Both sides of the Libyan conflict activated alternative smuggling routes to tackle their urgent logistical needs. A large flow of fuel, equipment, and pick-ups came from Algeria to Libya through Tunisia, and it became clear that contraband gangs who work with terrorists did not only run the transnational trade between north Africa—including Egypt and the Sahel region—but also effectively controlled local economies.
The Algerian town of Al Eulma, with its ironically named “Dubai Market,” started to replace Libyan cities such as Zouara or Misrata as a hub for importing smuggled products to Tunisia. Algerian experts consider this dynamic an unofficial part of the Chinese Silk Road, which contributes to the “globalization from below” and affects local societies.
The border militias remain a particularly thorny element in the Libyan peace process. Libyan society is still influenced by the tribal system, which Qaddafi used to enforce his dictatorship through an anarchist version of Arab socialism and Rentier practices, later adopted by the General National Congress (GNC). And the failure of recent French mediation plans demonstrate the futility of organizing elections without a solid network of state institutions that can enforce their results.
Though there are a number of major obstacles to truly preventing terrorism and contraband activity from passing along the Tunisian-Libyan border, there are a number of steps that can be taken to increase the likelihood of successfully securing the border. For instance, the training provided by the Italian San Marco brigade to Libyan military personnel could be scaled up to a more ambitious level.
By creating the nucleus of a new Libyan military with a new structure based on clear and transparent recruitment procedures, unit cohesion that leans on local culture and social psychology, and the improvement of intelligence and information warfare capabilities, Libyan forces could finally be equipped with the training to fight terrorist groups in their current strongholds.
Localized efforts are also key: dialogue between local elected representatives along the model of the meeting between the heads of Zouara and Benguerdane municipalities could be a successful alternative to the repeated failures of centralized negotiations between Libya and Tunisia.
The recent sanctions imposed by the United States on Libyan entities and individuals could also be bolstered and focused into a coordinated effort to encourage an end to the Libyan Government of National Accord’s dependence on militias’ power.
The establishment of a new national military and security force is a cornerstone of any stabilization plan and will enable the GNA to have a monopoly over recruiting armed personnel, instead of the current situation in which the Libyan government is paying the salaries of the rogue militias who are contesting its authority.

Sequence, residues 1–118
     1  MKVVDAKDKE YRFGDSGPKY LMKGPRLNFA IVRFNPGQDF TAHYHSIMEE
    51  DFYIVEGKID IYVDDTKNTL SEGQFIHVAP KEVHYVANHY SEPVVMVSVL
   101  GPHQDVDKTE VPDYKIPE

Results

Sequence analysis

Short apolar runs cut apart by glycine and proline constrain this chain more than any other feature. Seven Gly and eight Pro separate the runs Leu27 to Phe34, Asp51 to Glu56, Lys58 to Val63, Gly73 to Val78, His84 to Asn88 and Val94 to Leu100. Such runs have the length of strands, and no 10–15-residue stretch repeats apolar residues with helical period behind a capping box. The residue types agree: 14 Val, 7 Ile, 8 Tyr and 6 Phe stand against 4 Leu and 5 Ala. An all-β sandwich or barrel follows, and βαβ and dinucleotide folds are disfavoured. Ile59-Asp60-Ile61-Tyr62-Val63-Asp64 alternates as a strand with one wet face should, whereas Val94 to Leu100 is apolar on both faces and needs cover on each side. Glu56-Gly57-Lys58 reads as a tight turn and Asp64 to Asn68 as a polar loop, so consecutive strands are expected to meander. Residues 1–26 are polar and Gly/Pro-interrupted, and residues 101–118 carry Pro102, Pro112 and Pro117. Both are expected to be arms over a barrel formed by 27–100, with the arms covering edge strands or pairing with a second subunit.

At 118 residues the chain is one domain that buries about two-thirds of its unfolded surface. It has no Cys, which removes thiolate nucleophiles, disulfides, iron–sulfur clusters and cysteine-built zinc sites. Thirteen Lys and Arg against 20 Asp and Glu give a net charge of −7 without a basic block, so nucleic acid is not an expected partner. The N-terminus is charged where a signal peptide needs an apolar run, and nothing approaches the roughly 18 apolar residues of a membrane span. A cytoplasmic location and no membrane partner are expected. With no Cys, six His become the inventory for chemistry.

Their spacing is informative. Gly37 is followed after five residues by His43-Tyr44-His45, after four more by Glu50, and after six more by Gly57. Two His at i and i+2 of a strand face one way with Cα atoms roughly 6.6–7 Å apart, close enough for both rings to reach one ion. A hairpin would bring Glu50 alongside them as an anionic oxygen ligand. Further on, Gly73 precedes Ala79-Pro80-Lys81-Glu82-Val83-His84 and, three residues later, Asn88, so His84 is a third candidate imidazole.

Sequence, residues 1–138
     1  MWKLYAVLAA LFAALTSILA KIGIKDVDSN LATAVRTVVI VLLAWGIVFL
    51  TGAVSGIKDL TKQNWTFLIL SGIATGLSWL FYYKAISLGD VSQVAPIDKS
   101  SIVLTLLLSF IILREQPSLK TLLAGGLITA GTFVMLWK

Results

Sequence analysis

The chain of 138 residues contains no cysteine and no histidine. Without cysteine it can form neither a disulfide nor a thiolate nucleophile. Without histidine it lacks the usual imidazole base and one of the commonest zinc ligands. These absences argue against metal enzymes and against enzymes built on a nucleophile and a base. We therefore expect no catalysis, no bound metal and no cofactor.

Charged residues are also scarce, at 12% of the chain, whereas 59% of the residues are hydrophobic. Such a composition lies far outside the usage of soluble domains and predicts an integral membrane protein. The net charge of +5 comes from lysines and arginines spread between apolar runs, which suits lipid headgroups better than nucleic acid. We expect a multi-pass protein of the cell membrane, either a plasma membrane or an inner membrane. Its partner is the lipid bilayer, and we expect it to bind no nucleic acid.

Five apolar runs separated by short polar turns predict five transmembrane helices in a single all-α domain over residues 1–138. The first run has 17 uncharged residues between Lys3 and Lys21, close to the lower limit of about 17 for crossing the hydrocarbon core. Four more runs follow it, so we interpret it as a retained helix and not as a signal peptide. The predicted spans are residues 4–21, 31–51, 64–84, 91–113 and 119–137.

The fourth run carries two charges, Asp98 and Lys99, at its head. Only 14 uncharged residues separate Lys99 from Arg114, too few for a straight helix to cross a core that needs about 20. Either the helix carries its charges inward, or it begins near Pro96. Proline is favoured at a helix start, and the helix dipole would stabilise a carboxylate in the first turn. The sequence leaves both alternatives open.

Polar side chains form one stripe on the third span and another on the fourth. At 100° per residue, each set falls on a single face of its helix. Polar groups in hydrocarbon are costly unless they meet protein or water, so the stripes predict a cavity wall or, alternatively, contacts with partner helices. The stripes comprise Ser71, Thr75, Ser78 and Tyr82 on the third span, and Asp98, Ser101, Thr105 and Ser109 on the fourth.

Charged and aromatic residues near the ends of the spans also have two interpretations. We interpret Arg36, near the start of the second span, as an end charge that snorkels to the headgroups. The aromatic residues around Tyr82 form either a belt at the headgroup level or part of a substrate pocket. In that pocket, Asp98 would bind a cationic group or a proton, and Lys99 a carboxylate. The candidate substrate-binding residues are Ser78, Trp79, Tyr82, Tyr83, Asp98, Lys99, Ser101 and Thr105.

August clashes in Tripoli, along with Italy’s choice to coordinate with local militias in an effort to prevent immigration, demonstrate the difficulty of reigning in these militias without a strong centralized military authority.
The military cooperation between the United States and North African countries has reached a crossroads. Parties must choose to either build an effective coalition against the Islamic State or continue to limit themselves to small scale cooperation, allowing a dangerous political ambiguity that could compromise the fight against terrorist groups.
Support for regional actors along with support for nuanced strategies on border security is the only potential guarantee that terrorists will not take over large territories of northwestern Africa. In contrast, the establishment of the European Intervention Initiative (E2I) as an alternative to NATO and the renewal of anti-western rhetoric will lead to a continued reluctance to work with NATO, which has already been demonstrated by Tunisia’s rejection of a NATO grant of $3.7 million designed to focus on border controls and combat terrorism despite earlier expressed state interest in cooperation.
NATO must remember that North African countries will likely continue to prefer military units themselves to military cooperation programs. However, the current method of militarizing the Tunisian-Libyan border is the new Maginot line in the desert, a false feeling of security that should be reevaluated by all involved parties.
Fikra Forum is an initiative of the Washington Institute for Near East Policy. The views expressed by Fikra Forum contributors are the personal views of the individual authors, and are not necessarily endorsed by the Institute, its staff, Board of Directors, or Board of Advisors.
Dhia Otay is a Tunisian journalist and political activist located in the United States.